October 29, 2015

Maybe Next Year

There are still a few spots left at the ATP Finals in London, but for the vast majority of men on Tour, their hopes of qualifying at this point are slim at best. Still a couple guys this week might just be making a case to put themselves in the conversation next season.

In Valencia some long shots were actually given a bit of a helping hand from the field's favorites. With Feliciano Lopez losing today to Vienna standout Steve Johnson and players like Bernard Tomic and even giant-killer Fabio Fognini getting upset early, the draw has been opened wide. That could present an opportunity for veteran Spaniard Guillermo Garcia-Lopez, who's quietly picked up two titles this year and actually climbed back to near his career-high ranking. He powered through a tough opener against Fernando Verdasco, and while he's actually lost his only previous meeting with Johnson, his quarterfinal opponent, he's been riding a pretty hot streak this fall and might just keep it up. Then there's Roberto Bautista Agut, who's been picking up steam himself in recent weeks -- he's had a tough draw, facing off against former top-ten player Nicolas Almagro in his first round and then battling talented teen Andrey Rublev earlier today. If he keeps up his level of play, not only could he walk away with the title, but he might just put himself back on track to do even more damage next year.

There's a little more on the line in Basel, where -- despite the noticeably more-stacked draw -- some of the contenders do still have an outside chance of making this year's cut. Marin Cilic, fresh off a successful title defense in Moscow, is currently eleventh on the London leaderboard and would need a lot of things to go his way if he wants to make his second trip to the ATP Championships -- still, straight set wins this week, including one today over an always-tough Teymuraz Gabashvili, could help him make a stronger case next year. And David Goffin, who took out Andreas Seppi and Adrian Mannarino already this week, seems to be building on the success made him one of the best comeback stories of 2014. But the real story in Switzerland might be Richard Gasquet, who could earn himself a ticket this year if he keeps his run going a little while longer -- the Wimbledon semifinalist has wins over Tomas Berdych and Stan Wawrinka already this year, and has picked off two rising stars this week too. He'd have to win titles in Basel and Paris next week, what would be his first Masters trophy ever -- but he might be better off saving his energy to come out swinging when the new year starts.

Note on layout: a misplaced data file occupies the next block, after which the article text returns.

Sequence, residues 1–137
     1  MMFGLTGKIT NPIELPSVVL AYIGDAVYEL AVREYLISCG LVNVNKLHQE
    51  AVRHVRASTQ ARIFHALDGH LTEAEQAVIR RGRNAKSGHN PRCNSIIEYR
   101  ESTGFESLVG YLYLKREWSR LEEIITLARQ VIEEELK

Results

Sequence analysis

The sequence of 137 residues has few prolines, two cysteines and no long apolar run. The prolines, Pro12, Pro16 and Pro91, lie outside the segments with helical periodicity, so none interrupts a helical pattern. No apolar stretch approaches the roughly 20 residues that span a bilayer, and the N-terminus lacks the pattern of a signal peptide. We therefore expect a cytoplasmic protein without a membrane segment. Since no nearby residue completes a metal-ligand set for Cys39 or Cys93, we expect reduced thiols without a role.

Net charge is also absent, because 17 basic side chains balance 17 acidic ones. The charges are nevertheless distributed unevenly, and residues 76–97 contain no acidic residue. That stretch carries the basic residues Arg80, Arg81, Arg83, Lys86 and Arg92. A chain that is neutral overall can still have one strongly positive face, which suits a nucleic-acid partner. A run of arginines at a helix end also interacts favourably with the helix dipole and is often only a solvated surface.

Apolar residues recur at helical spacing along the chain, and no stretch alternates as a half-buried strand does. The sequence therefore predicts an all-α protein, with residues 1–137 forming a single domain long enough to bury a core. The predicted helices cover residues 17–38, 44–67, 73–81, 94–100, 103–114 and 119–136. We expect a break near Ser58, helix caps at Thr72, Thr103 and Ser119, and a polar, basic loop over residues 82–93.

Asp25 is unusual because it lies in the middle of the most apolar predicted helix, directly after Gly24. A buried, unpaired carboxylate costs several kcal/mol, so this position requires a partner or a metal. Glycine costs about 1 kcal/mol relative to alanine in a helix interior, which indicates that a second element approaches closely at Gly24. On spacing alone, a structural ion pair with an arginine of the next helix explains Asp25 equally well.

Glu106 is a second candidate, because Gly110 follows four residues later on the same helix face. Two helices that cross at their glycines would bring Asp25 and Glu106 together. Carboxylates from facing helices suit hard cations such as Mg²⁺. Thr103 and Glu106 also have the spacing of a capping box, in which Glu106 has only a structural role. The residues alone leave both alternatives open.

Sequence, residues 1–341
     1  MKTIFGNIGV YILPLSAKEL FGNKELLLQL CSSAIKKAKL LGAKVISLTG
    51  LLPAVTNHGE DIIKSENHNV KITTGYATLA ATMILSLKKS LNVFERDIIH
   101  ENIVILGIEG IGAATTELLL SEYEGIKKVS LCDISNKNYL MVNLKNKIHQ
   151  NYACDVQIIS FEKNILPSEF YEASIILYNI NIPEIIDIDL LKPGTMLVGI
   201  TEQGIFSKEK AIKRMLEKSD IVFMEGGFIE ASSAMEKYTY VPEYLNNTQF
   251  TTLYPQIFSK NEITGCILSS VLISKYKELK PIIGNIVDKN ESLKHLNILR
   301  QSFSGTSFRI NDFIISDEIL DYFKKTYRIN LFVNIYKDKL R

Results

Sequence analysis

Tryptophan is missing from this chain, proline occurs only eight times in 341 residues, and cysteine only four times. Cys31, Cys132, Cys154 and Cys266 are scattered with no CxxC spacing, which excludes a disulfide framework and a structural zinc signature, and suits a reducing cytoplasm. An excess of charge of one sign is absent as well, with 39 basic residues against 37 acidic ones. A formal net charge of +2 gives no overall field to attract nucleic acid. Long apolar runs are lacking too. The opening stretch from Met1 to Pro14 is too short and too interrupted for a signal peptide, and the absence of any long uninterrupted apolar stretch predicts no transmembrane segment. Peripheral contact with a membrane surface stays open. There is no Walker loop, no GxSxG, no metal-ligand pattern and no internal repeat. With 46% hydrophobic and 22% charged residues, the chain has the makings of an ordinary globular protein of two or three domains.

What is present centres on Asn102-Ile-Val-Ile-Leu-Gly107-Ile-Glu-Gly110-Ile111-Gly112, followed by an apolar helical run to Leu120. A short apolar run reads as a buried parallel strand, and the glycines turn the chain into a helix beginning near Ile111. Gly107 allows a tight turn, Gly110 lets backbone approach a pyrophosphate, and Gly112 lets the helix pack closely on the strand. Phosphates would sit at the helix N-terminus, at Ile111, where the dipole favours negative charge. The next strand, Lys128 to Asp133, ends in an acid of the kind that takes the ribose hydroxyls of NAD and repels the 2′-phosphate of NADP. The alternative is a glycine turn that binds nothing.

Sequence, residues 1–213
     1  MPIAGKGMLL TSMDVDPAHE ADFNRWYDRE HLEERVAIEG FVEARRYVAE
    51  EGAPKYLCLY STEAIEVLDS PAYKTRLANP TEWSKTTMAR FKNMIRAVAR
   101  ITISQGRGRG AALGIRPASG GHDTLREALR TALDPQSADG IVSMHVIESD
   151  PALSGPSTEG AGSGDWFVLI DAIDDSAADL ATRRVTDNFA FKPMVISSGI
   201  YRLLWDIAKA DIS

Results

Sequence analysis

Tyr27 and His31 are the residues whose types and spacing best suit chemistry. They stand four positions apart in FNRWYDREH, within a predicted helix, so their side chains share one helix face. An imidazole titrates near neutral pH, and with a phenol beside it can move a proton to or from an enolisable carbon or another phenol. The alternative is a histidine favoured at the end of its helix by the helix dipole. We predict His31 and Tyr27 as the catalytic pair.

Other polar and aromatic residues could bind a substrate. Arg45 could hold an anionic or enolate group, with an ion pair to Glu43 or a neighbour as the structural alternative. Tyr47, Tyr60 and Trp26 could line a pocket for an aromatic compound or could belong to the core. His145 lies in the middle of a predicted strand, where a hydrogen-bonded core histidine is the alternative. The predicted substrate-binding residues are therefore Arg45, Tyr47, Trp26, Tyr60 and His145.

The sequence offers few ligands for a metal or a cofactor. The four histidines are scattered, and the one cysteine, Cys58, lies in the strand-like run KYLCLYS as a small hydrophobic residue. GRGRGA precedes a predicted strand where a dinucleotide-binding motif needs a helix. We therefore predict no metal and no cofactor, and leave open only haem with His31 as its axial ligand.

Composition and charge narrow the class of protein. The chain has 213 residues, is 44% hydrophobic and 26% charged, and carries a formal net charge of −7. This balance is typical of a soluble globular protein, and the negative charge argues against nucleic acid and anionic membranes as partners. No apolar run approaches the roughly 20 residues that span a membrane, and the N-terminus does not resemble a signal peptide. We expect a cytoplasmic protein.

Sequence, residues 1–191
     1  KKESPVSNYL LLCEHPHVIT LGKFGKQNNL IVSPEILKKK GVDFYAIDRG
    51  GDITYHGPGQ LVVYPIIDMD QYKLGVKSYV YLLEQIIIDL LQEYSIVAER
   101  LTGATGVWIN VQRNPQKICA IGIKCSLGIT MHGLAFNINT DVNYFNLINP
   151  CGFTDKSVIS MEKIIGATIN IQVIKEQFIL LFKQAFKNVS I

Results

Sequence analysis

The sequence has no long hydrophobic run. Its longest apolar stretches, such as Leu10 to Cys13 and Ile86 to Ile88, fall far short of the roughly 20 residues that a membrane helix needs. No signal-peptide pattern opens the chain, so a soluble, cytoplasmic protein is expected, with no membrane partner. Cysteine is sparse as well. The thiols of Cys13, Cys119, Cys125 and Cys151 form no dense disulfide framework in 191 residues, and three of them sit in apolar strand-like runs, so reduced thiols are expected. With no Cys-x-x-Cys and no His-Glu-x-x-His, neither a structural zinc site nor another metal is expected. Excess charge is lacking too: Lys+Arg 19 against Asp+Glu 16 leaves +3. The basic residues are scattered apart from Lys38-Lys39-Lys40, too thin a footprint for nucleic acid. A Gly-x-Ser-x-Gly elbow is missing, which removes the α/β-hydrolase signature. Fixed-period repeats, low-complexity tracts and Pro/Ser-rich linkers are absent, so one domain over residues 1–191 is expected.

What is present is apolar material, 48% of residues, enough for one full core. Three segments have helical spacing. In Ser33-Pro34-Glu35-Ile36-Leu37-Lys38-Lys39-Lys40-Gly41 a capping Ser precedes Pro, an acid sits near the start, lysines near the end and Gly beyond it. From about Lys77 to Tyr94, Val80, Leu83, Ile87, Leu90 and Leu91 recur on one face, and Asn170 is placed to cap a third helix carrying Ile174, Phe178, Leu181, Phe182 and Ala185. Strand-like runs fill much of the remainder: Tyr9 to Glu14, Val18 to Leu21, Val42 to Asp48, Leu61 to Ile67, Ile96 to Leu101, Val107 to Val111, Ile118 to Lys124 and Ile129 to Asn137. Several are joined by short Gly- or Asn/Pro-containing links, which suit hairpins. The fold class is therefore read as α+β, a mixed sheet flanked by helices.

After all, it won't be long before everyone wipes their slates clean and starts over -- and if any of these guys can bring their current momentum with them into 2016, there's no reason they can't really shake up the standings from the start.

October 26, 2015

Opening Salvos

This year's WTA Finals could be one of the most interesting year-end championships we've seen in years -- with the most dominant player on Tour sitting out the postseason, nearly half the qualifiers making just their first appearance at this event, and each and every entrant showing a little vulnerability since the U.S. Open, it really is anybody's game. And with the first round robin matches in the books, we've gotten a glimpse of who might be most willing to take advantage of the opportunity.

Play kicked off Sunday with a rematch of the first shocking semi in New York this year -- eventual champion Flavia Pennetta, who at thirty-three has said this would be the last professional event of her career, hoped to repeat against top seed Simona Halep. Both have been below their best recently -- the Italian was upset by a qualifier in Tianjin and withdrew from the Moscow quarters with a foot injury, just after clinching her entry to Singapore, while the world #2 retired from the draw in Beijing after early losses in both Guangzhou and Wuhan. That could have presented an opportunity for Pennetta to pounce, but this time the Romanian was able to take charge, dropping just three games in the barely hour-long match. It was an important start for the favorite, who in her debut last year reached the final with a victory over Serena Williams in the early rounds. If she wants to go one better this time, she'll need to show her recent struggles were just a fluke and such a decisive win to start off may have done just that.